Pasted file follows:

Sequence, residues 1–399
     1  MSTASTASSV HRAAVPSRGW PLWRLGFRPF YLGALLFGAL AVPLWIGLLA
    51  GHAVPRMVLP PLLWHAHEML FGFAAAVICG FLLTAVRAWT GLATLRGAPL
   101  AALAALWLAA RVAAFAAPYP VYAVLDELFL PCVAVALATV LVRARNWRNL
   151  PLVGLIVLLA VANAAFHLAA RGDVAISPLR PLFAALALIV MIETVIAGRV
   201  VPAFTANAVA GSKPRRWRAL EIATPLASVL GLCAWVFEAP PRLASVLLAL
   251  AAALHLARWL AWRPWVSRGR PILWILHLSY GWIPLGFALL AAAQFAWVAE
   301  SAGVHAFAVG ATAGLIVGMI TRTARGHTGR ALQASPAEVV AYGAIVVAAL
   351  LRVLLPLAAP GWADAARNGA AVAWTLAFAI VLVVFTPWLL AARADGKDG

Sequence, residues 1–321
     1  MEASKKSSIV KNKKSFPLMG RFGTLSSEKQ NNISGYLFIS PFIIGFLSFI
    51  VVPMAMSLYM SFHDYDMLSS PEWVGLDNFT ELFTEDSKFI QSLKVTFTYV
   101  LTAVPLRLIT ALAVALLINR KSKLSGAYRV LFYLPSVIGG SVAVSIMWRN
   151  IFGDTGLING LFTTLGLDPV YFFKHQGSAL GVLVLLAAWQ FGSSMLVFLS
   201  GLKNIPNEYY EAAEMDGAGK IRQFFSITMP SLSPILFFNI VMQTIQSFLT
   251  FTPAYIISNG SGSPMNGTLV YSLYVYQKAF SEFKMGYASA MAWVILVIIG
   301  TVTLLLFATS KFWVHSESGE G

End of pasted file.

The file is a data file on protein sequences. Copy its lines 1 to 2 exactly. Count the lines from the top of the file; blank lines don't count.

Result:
Sequence, residues 1–399
     1  MSTASTASSV HRAAVPSRGW PLWRLGFRPF YLGALLFGAL AVPLWIGLLA